Five tips for Microsoft Excel 2010 for intermediate users
Remember the first time you opened Microsoft Excel 2010 application? You slowly started using it and familiarized yourself to the application. And slowly you have become someone who we call an intermediate user. You are not a beginner anymore. You are someone who knows his way in the application.
Different view, same document
Let’s consider this situation: you are working on a document that has considerable amount of data. You have to scroll from one part of the document to another when you are working on those parts of the document. Doesn’t it irritate you when you have to manually scroll every time you need to navigate to the other part of the document? We have a small tip for you. You can split the document and simultaneously look and work on two different parts of a document without even scrolling. In the view menu, there’s an option to split the screen which will help you split the screen and lets you work on two different parts of the documents and one shot.
Where's your Status Bar?
Where is the status bar? This is something that most of the users skip to notice. Status Bar is the small bar that’s present at the end of the window. The bar which displays information on the number pages in the document, number of words in the document, etc. if you are using Microsoft Word 2010 is known as the status bar. In Excel, it displays relevant information if you select a group of cells, like sum of the numbers in that cell, the average of the cells, etc. You can customize this bar by right clicking on it and choosing which options you need to be displayed and which ones to be hidden.
Paste special and it's uses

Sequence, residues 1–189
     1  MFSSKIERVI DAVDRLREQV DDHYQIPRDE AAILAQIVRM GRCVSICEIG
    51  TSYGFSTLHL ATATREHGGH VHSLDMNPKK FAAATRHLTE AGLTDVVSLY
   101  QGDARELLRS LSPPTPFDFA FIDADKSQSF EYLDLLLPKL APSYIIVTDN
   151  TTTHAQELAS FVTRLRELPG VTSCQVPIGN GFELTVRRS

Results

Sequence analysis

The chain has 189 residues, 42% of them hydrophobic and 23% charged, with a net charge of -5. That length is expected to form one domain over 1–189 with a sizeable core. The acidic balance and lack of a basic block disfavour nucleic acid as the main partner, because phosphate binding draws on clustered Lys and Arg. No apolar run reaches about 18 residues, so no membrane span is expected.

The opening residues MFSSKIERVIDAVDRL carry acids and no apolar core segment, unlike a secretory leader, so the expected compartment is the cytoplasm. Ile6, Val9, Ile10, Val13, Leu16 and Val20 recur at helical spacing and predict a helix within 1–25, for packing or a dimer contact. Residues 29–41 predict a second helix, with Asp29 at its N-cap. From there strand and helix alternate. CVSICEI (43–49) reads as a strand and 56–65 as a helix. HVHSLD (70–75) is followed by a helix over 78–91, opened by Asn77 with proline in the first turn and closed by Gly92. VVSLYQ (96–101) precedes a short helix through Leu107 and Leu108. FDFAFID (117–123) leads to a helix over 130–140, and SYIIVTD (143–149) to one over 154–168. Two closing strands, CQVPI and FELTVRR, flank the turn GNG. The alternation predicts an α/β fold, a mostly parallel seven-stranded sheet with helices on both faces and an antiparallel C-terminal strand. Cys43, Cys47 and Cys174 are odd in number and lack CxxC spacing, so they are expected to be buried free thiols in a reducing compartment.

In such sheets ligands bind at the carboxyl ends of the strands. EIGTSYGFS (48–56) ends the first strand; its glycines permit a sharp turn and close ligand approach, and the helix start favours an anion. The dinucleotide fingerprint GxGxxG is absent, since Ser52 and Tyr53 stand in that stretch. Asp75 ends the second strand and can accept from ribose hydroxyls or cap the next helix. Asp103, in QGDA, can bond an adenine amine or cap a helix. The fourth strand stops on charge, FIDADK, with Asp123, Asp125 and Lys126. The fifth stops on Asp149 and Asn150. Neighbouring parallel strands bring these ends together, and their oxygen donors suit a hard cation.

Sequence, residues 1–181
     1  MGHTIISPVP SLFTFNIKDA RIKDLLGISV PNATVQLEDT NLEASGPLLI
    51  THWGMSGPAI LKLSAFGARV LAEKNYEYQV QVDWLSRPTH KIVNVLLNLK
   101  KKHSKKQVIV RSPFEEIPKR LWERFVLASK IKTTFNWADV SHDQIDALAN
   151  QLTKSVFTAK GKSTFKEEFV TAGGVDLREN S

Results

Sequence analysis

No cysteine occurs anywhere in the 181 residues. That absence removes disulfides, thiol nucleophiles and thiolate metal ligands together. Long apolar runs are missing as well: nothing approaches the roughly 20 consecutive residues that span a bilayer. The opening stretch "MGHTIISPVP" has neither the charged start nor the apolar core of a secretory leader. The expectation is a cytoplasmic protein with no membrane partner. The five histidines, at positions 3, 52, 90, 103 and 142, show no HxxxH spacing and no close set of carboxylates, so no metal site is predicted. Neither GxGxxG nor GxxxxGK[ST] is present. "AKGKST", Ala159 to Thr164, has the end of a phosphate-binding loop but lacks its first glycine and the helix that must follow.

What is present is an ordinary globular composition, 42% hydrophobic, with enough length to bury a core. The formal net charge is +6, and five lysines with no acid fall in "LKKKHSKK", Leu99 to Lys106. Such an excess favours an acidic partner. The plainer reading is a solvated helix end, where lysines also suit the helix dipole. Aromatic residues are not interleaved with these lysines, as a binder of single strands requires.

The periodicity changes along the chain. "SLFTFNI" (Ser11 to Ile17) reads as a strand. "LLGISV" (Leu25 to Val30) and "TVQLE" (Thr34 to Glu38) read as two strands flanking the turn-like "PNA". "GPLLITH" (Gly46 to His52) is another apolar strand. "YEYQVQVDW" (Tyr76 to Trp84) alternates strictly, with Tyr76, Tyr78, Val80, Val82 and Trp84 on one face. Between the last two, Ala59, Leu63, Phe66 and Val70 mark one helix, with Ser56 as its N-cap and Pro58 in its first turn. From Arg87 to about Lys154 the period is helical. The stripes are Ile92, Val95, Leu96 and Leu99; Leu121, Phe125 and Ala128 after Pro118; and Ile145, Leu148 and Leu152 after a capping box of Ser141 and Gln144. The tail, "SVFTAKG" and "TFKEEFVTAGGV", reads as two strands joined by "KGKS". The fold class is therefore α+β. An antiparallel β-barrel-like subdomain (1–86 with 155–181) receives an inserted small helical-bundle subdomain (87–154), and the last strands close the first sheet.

When you are copying values that are derived by formulae in Microsoft Excel 2010, you might encounter an error because Excel copies the formulae along with the data that’s present in the cells. So if you have to copy-paste just the values in a cell, what would you do? Paste special is the answer for you. After you paste the values from the copied cells, have you ever noticed a small pop-up? If you click the down arrow on the pop-up it expands into a menu and you would find the options for paste special hidden there. If you select ‘values’, it will only copy the values from the cells and paste only the values at the destination cells. As simple as that!
Create your own custom lists
You would know that you can use the existing set of lists that you can use in Microsoft Excel. For people who don’t know what lists are, these are the lists that we generally use with fill handles. List with the names of months, list with names of the weekdays, etc. are already in place in Microsoft Excel 2010 for you to utilize. But if you have a custom list in mind, here’s how you can create it. Go to File, click ‘Options’, and then click ‘Advanced’. Once you reach the advanced settings page, go to the bottom of that page by scrolling down. Under the heading ‘General’ click ‘Edit custom lists’. This will open a new window where you can create a custom list!
Data validation is the best tool!
This has to be one of the best features you might get to know about Microsoft Excel 2010. Data validation is a feature or a tool that will restricts other users of the worksheet when incorrect data is being entered into a cell. Let’s consider this: if you need a few people to add their response for something. You can restrict the input values to say ‘Yes’, ‘No’, or ‘May be’ and if any other value that’s entered in the cell will not be accepted. Isn’t that cool? You can find the ‘Data Validation’ under the tab ‘Data’. A small window would appear on the screen where you have to give the values that you want to be restricted to and your job is done!
Aren’t these great features to use in Microsoft Excel? You should start using those more often to get used to them and take a step further and become an expert-intermediate user.